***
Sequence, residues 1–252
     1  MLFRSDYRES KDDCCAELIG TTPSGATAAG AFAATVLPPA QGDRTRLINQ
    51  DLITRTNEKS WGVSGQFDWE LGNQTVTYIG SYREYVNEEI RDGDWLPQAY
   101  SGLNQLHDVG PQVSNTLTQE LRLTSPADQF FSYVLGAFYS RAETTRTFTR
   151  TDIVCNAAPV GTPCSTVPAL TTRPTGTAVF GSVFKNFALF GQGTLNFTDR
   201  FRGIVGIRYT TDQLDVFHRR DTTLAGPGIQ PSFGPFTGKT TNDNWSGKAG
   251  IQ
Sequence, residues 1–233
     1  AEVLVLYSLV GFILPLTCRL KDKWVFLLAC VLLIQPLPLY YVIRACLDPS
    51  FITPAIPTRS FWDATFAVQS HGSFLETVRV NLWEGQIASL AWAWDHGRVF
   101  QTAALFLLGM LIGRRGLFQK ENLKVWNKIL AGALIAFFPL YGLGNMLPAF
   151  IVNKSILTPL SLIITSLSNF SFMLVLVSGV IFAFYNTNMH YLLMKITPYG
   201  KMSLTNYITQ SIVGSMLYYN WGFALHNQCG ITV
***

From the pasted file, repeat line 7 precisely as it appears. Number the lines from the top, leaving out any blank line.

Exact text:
   251  IQ